Jane Cazneau — To “Count the Beats of the Popular Heart”

Underwritten by the Texas Historical Foundation

This post was underwritten by a generous contribution from the Texas Historical Foundation.

Women’s History Month is celebrated annually in March to recognize and commemorate the achievements and contributions of women to history, culture, science, and all aspects of our society. This week, we highlight the accomplishments of Jane Cazneau, the “mistress of manifest destiny,” journalist, world traveler, and founder of Eagle Pass, Texas.

In the early nineteenth century, Texas represented an opportunity in which adventurous settlers could carve out a new life on the western frontier. The first images one conjures of these individuals are often of rough outdoorsmen, pioneer families, and wealthy cattlemen. While it is fair to say that men drove the business and politics of Mexican Texas, they were certainly not alone in exercising their ambitions there.

Engraving depicting Jane Maria Eliza McManus Storms Cazneau (1807–1878), US adventurer, journalist and publicist, circa 1850. (Photo by Kean Collection/Getty Images), http://www.gettyimages.com/license/114947575
Portrait of Jane Cazneau and her son. Image courtesy TSHA Handbook Online.

Jane Maria Eliza McManus Storm Cazneau (1807–1878) was a woman who possessed many talents and aspirations for her life and for her country. Born on April 6, 1807, in Brunswick, New York to Congressman William McManus and Catharine Coons McManus, she was best known for her extensive writing career, passionate support of American expansion, known as Manifest Destiny, as well as equal rights and representative government for all.[1]

This document from the Mexican Consulate of the City of New York refers to a deed for eleven sitios, or leagues, of land given to Jane McManus by Samuel Sawyer, 21 September 1833, Box 23, Folder 23, p. 209A, Records of the Spanish Collection, Archives and Records Program, Texas General Land Office, Austin, TX.

Jane McManus’s Texas experience began in 1832 when she and her brother Robert arrived with intentions to acquire land. General Land Office records, including a letter from the Mexican Consulate in New York, show that she attempted to acquire an eleven-league grant (approximately 48,712 acres) in Stephen F. Austin’s Upper Colony, near modern day Waco. Another document, signed by Gail Borden, Jr., the surveyor for Austin’s Colony, indicates that she also sought land near Matagorda.[2] Neither grant was successful, however, for multiple reasons including legal ambiguity surrounding some of the claims, nonpayment of surveying fees, and a social scandal that followed her from New York to Texas.[3]

Gail Borden, Jr. signed this document attesting to the fact that in 1835, during his time as Clerk in the Land Office of Austin’s Colony, Jane McManus made “sundry locations [of land in] the Coast Contract.” 9 October 1838, Box 23, Folder 23, p. 212, Records of the Spanish Collection, Archives and Records Program, Texas General Land Office, Austin, TX.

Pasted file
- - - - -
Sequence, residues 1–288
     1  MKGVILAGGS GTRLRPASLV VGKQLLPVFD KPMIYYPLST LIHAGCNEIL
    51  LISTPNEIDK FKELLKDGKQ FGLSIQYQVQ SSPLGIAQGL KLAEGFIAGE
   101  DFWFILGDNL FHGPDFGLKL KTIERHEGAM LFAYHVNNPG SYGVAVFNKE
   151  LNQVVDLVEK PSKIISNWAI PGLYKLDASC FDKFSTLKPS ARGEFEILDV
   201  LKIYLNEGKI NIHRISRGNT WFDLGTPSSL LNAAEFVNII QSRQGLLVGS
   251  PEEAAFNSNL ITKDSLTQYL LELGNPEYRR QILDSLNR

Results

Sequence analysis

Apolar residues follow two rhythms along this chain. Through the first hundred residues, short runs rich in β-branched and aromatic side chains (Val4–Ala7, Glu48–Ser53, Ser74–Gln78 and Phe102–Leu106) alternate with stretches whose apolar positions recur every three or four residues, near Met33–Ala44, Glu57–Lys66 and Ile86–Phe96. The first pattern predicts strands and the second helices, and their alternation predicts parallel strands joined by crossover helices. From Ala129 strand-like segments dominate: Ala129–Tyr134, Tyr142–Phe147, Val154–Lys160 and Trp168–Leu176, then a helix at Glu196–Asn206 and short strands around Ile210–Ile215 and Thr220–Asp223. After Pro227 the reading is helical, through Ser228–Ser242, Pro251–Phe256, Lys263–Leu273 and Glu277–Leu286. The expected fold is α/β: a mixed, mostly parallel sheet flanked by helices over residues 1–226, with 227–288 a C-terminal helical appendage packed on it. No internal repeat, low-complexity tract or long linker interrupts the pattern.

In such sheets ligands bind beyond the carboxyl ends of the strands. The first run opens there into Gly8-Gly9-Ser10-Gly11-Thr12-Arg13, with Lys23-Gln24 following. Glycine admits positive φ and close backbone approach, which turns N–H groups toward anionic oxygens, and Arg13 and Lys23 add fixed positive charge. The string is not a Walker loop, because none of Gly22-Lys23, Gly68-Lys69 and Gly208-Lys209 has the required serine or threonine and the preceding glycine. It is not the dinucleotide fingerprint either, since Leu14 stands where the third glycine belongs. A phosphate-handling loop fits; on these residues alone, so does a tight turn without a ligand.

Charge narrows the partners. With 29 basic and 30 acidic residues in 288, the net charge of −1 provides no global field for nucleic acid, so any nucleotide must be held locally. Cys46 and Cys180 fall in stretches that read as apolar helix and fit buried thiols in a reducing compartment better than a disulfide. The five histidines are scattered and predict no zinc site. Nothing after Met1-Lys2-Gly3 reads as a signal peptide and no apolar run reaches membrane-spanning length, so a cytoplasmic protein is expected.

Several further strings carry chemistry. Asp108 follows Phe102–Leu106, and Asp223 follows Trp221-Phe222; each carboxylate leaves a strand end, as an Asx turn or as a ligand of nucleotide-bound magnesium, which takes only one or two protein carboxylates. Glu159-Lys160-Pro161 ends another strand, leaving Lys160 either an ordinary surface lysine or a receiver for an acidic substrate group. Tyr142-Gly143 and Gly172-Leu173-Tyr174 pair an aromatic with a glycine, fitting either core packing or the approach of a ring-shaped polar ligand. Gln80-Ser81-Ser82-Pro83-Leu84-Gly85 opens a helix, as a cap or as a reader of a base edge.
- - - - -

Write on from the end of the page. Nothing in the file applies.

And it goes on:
McManus’s failure to secure land in Texas served as a catalyst to her future adventures and laid the groundwork for her eventual return. The connections she established with political elites such as Sam Houston and Mirabeau Lamar would endure, despite her 1839 return to New York.[4] Once there, McManus began working for the New Yorker, a position that took her to Europe and the Middle East, where she honed her writing skills. Later, while writing for the New York Sun, she established herself as a respected voice in political journalism and wrote strongly in favor of Manifest Destiny, specifically the United States’ annexation of Texas. Her first book, Texas and Her Presidents, With a Glance at Her Climate and Agricultural Capabilities, was published in 1845 under the pen name Corinne Montgomery.

Texas returned to the forefront of McManus’s attention in November of 1846 when, during the Mexican-American War, she was assigned to accompany New York Sun editor Moses Yale Beach to Mexico City on a secret peacekeeping mission. Her reporting during the mission was both unprecedented and incredibly significant. McManus was the first woman to report from a war zone, and the first American ever to report from within enemy territory. Her nuanced first-hand narrative took into account both the Mexican and U.S. perspectives on the conflict, and due to her extensive readership, likely helped shape public opinion of the war in the United States.[5]

Miss Jane McManus appears on line 411 of this June 1838 Clerk Return from Matagorda County. It lists her date of emigration as “Eighteen Hundred & thirty three” and mentions that an eleven-league certificate was issued to her. Matagorda County Clerk Return #8, June 1838, Clerk Returns Collection, Archives and Records Program, Texas General Land Office, Austin, TX.